Fashion King Groovey Lew on masterminding hip-hop’s most iconic looks. Actor Johnell Young reveals the secret to breaking into the entertainment industry. Celebrity hairstylist Dontay Savoy and got2B ambassador Tokyo Stylez are in the BGS Salon with the perfect wig install. Plus, comedian Lauren Knight performs.

  /  11.15.2023

Pheelz talks expressing himself through music & his biggest inspirations | 'On In 5'

On this all-new episode of “On In 5,” multitalented Nigerian artist Pheelz opens up about waiting for his opportunity to fully express himself through music, his inspirations and emotions, and the musical icons he grew up admiring. Watch!

  /  07.11.2023

Kareem Cook talks growing up in The Bronx, studying at Duke & networking | 'The Blackprint with Detavio Samuels'

On this all-new episode of “The Blackprint with Detavio Samuels,” the host and REVOLT CEO sits down with Kareem Cook. Throughout the introspective episode, Cook talks growing up in The Bronx, studying at Duke and being nervous to be in the South at the time, network vs. education, taking advantage of your opportunities, and connecting with Debbie Allen. Watch!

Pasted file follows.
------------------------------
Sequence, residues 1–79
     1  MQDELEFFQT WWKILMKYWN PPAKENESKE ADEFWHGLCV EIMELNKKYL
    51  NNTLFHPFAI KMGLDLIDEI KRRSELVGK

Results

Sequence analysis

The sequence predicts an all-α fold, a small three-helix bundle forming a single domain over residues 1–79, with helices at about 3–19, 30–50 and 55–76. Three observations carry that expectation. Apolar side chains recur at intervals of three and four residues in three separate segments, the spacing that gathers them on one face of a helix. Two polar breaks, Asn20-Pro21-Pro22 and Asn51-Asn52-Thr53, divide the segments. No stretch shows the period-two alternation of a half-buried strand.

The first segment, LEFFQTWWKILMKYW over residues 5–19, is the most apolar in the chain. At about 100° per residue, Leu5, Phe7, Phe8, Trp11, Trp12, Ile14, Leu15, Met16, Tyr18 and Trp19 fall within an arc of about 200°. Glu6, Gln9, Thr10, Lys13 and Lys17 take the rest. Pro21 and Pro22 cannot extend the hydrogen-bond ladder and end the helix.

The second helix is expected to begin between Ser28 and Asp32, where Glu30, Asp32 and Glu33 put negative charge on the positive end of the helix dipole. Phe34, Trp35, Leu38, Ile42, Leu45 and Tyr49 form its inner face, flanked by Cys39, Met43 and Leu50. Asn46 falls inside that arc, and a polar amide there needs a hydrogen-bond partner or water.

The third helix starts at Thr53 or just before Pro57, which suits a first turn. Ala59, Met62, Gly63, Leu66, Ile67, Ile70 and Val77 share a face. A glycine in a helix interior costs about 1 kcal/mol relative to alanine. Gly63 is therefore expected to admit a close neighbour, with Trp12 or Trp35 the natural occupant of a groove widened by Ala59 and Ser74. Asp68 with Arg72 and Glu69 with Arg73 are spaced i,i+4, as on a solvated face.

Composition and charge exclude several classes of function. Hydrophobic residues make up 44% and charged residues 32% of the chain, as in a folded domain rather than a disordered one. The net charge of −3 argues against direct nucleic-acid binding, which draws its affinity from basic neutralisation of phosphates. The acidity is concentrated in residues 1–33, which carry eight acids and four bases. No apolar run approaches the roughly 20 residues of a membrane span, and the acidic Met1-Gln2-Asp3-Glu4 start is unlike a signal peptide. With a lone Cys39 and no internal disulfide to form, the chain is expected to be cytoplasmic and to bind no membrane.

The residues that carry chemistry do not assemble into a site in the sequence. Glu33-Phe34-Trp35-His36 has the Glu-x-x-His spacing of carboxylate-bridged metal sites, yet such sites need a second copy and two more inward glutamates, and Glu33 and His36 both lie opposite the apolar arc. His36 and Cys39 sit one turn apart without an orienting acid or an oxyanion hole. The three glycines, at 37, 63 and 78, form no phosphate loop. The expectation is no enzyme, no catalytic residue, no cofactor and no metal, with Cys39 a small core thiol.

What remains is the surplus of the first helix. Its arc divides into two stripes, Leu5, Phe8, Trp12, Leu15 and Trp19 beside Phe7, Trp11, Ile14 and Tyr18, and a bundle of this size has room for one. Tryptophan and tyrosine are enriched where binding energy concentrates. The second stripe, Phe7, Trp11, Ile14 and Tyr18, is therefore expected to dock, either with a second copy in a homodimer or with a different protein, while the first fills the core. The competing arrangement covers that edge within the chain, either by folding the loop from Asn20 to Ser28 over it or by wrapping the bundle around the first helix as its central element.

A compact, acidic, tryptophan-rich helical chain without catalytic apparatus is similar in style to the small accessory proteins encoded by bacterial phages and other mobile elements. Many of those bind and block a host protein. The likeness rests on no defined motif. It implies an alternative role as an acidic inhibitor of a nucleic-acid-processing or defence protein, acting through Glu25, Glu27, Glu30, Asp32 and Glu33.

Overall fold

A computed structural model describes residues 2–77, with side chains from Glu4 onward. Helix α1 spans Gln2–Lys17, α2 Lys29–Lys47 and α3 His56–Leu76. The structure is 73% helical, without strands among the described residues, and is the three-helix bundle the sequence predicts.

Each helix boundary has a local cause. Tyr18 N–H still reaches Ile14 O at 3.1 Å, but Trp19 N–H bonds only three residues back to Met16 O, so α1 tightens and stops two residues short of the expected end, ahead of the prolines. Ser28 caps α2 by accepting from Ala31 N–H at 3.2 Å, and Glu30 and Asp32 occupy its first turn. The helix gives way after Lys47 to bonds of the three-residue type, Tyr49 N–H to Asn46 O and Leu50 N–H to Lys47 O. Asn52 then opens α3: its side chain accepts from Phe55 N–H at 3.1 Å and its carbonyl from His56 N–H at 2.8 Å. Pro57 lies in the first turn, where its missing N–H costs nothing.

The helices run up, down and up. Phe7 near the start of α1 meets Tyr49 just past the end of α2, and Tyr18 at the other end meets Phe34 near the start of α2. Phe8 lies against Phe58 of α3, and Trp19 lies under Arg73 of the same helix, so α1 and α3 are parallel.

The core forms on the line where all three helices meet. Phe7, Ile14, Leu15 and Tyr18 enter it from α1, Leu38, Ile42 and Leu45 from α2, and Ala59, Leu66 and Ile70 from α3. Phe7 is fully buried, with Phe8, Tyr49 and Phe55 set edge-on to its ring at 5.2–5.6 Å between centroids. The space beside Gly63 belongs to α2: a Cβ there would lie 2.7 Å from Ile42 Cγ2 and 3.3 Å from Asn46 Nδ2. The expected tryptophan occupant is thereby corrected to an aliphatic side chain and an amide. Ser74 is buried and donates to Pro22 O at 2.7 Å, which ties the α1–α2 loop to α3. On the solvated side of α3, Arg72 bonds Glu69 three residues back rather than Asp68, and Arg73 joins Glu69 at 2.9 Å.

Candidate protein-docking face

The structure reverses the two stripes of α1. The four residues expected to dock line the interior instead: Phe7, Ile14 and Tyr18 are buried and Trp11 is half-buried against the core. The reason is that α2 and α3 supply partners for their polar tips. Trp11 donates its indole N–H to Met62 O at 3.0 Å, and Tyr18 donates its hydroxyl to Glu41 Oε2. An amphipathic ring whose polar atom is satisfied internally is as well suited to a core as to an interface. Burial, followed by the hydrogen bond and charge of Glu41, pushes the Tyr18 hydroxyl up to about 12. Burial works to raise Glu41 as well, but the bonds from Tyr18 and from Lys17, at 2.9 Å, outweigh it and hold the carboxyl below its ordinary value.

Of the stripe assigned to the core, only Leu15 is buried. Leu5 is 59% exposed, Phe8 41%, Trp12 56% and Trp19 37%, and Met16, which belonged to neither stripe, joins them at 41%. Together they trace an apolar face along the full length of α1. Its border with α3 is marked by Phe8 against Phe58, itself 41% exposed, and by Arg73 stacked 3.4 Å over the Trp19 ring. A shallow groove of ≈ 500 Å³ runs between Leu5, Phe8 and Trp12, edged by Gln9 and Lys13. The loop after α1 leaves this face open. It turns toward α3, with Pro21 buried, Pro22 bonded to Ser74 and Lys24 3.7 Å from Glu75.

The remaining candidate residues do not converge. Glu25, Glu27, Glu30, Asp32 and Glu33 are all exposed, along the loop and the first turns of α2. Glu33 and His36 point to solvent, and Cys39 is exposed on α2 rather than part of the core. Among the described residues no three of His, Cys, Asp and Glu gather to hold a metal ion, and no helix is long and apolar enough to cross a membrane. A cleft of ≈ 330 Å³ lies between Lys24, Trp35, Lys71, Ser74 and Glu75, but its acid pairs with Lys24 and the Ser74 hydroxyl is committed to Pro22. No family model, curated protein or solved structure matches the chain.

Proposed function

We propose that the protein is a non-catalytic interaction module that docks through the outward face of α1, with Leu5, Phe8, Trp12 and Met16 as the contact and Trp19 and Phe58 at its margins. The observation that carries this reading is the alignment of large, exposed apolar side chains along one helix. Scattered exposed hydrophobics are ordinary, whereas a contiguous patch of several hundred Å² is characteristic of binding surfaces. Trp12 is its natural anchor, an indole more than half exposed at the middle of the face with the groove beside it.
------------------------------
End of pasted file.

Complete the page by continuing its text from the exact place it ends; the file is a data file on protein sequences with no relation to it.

/  07.10.2023

Tiffany Haddish on therapy, wild fan interactions & the upcoming 'Haunted Mansion' movie | 'The Jason Lee Show'

On this all-new episode of “The Jason Lee Show,” the one and only Tiffany Haddish sits for a must-watch conversation about wild interactions with fans, her new movie ‘Haunted Mansion,’ bringing her therapist on dates, and being present. Watch the hilarious interview here.

  /  07.12.2023

BNXN talks leaving IT for music, linking with Wizkid, going viral & new album | 'On In 5'